For a few years now, Bloomberg Businessweek has chronicled a list of stories its writers wish they’d done. We wish we’d thought of that idea ourselves, so we’re shamelessly cribbing it for the second year running. Here are 11 stories we read, watched and consumed with a mix of admiration and regret this year. Hopefully our jealousy will lead to your discovery.
By Aaron Steckelberg and Chiqui Esteban, The Washington Post
I love the graphics in this piece. They take an undemocratic aspect of our political system that most people overlook and make it striking: 4.5 million people in six states have 18 representatives in Congress, while 4.4 million people in U.S. territories and Washington, D.C., have no representatives who can vote. Plus, I’ll love anything with a nice map.
— Ella Koeze, visual journalist
By Evan Osnos, The New Yorker
This piece isn’t empirical, but it combines formal theory (Schelling’s model of brinkmanship) with information on what we know about North Korea. As someone who came to FiveThirtyEight from academia, I typically look at the numbers first and the context second. (Sorry!) But I found the most illuminating part of this story to be Osnos’s firsthand descriptions of his visit. Even if his experience was curated and controlled by North Korea, it reminded me that there’s no substitute for good, old-fashioned human connection when covering issues that matter.
— Andrea Jones-Rooy, quantitative researcher
By Cary Aspinwall, The Dallas Morning News
We hear a lot about the problems with the criminal justice system in the U.S., but rarely do we hear about the families left behind when people get entangled in it. This distressing read from The Dallas Morning News pulls back the curtain on an issue with enormous consequences: When mothers go to jail, no one in the criminal justice system is responsible for the safety of their children. “Not in North Texas, and not in most communities across the country,” as the article puts it. Since there wasn’t data to make sense of the scope of the problem, reporter Cary Aspinwall went and gathered it. The resulting work is both novel and heartbreaking.
— Anna Maria Barry-Jester, lead health writer
By Joss Fong, Vox
Joss Fong and her team at Vox produce videos throughout the year that make me go, “Damn, I wish I made something like that.” With data-driven videos, often the most difficult thing is figuring out the clearest way to convey complex ideas while making it visually appealing. This video stuck with me because of how beautifully they were able to accomplish both of those things.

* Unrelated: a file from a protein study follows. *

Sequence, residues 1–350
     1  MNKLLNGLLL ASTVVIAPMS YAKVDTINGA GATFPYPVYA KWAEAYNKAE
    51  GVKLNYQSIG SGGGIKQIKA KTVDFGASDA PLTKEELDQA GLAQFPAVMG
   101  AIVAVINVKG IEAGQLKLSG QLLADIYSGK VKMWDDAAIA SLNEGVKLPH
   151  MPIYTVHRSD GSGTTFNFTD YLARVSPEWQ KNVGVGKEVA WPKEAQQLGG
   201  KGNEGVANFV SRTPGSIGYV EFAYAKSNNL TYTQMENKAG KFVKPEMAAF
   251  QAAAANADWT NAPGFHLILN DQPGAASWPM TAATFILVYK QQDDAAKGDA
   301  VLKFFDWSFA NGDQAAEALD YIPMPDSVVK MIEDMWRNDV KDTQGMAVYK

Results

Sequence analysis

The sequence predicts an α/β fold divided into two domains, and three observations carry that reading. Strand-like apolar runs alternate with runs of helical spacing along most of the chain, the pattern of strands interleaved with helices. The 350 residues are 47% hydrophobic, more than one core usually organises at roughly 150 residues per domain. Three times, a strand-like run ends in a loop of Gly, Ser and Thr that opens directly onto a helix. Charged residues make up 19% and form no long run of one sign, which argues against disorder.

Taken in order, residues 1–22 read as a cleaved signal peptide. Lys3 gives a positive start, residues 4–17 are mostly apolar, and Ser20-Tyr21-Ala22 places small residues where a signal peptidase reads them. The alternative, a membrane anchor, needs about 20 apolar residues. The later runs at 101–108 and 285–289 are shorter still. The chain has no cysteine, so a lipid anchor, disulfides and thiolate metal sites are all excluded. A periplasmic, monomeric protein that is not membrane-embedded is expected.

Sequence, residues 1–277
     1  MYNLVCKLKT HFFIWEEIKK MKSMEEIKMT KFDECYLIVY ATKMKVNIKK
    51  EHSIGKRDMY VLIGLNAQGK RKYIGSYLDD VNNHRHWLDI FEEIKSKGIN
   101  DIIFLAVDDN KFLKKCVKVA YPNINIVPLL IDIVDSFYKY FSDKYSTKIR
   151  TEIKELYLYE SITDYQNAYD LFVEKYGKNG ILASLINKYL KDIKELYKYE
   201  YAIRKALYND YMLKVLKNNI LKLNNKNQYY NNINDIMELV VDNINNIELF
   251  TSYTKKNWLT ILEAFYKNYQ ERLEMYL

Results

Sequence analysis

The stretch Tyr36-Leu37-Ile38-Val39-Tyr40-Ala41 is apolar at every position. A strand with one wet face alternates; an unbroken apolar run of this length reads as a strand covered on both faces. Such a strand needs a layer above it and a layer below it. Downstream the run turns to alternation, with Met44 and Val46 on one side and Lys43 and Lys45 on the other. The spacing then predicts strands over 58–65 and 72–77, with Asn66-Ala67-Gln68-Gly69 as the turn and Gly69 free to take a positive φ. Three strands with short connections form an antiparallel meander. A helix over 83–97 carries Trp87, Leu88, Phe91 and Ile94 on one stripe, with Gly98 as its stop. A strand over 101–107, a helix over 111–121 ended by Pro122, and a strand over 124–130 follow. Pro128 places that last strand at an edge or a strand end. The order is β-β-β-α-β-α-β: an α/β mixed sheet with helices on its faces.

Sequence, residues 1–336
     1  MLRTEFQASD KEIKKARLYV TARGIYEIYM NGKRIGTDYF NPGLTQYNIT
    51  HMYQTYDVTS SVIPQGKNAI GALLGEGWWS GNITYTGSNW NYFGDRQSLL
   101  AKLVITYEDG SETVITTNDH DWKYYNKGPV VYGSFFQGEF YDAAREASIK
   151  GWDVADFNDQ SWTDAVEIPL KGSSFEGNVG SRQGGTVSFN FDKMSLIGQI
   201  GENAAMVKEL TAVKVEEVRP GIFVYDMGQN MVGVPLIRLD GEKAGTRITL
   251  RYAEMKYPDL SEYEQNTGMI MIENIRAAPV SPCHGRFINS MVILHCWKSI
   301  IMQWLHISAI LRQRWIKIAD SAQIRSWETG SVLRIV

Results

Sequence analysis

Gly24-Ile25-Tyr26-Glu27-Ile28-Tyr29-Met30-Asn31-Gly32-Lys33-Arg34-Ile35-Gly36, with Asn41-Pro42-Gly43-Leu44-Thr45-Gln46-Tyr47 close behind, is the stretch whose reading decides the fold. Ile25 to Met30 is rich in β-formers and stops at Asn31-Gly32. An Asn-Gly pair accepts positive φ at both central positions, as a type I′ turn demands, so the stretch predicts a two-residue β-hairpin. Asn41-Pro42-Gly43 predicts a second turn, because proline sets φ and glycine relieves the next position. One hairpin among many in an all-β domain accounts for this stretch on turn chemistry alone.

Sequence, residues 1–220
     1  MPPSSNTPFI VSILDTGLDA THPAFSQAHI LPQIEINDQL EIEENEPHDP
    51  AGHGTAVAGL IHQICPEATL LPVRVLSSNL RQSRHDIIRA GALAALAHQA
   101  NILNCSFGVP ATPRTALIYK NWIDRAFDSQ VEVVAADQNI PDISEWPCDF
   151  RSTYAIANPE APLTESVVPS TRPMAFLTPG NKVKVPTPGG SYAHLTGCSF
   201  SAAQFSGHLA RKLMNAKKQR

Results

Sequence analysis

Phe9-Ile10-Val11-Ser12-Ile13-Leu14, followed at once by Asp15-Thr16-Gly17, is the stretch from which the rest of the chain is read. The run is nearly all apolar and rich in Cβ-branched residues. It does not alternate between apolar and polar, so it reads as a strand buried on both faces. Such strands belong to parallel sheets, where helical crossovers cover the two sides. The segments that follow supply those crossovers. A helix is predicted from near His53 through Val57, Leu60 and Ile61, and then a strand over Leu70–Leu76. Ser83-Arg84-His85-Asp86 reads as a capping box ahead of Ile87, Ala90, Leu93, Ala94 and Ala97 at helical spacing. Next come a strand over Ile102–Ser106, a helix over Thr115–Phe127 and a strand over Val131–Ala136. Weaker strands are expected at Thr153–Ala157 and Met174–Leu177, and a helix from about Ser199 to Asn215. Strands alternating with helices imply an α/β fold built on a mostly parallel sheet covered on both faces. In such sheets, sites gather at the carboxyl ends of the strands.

— Tony Chow, video producer
By Xaquín G.V., The Washington Post
I get emails and tweets claiming “the gender pay gap is a myth!!!” all the time. (It’s an occupational hazard.) This piece reads as a fact checker, running through many of the arguments over the gender gap. It provides beautiful graphics showing that the evidence actually disproves the purported mythbusters, and it lets readers enter their profession to see what day women essentially started working for free in that field, according to earnings data. I’ll be pointing pay gap deniers who @ me to this piece in the future.
— Kathryn Casteel, writer
By Denise Lu, The Washington Post
Quite a few visual journalists published fantastic work in the lead-up to the eclipse, but Denise Lu truly knocked it out of the park. Come for the spinning globe, stay for the tour down our nation’s eclipse history. As with pretty much any project with Lu’s name on it — I mean, come on — I’m steeped in envy and awe.
— Julia Wolfe, visual journalist
By Amanda Shendruk, The Pudding
This piece by Amanda Shendruk is really everything that I look for in a culture story that’s grounded in data. It’s got a terrific idea at its core and the data to back it up: that female superheroes have been defined by infantilizing names and “emotional” superpowers. Superheroes are a dominant story trope these days, which means they deserve scrutiny this good.
— Walt Hickey, culture writer
By Justin O’Beirne
Cartographer Justin O’Beirne goes into incredible detail to compare the interface designs of Google and Apple Maps. His findings are the best progress report we have on the tech giants’ race to create a “universal map.”
— Gus Wezerek, visual journalist
By Shannon Mattern, Places Journal
Shannon Mattern’s trenchant essay, “A City Is Not a Computer,” considers the long history of cities as data-storage devices. Their monuments, archives and offices capture and display the existence of their residents. But technologists and venture capitalists are now elbowing out low-tech planners and scholars, reducing urbanism to an algorithm and likening cities to the internet. Amidst this change, Mattern cautions that urban data has important context. She argues for an approach that eschews mere computation and embraces memory and history. As T.S. Eliot put it: “Where is the knowledge we have lost in information?”
— Oliver Roeder, senior writer and puzzle editor
By Nina Martin, Emma Cillekens and Alessandra Freitas, ProPublica; and Renee Montagne, NPR
I’ve been through the process of pregnancy and birth recently enough that I still remember feeling like neither the medical establishment nor the natural-birth establishment regarded me as terribly important. No matter which side of the Mommy Wars people came down on, “doing what’s best for the baby” was how it was framed. ProPublica’s series on maternal death and illness made it clear that there are real consequences to not focusing on mothers — especially for women who are already socially marginalized. These are stories that should make us rethink the way we frame medical care and medical choices.
— Maggie Koerth-Baker, senior science writer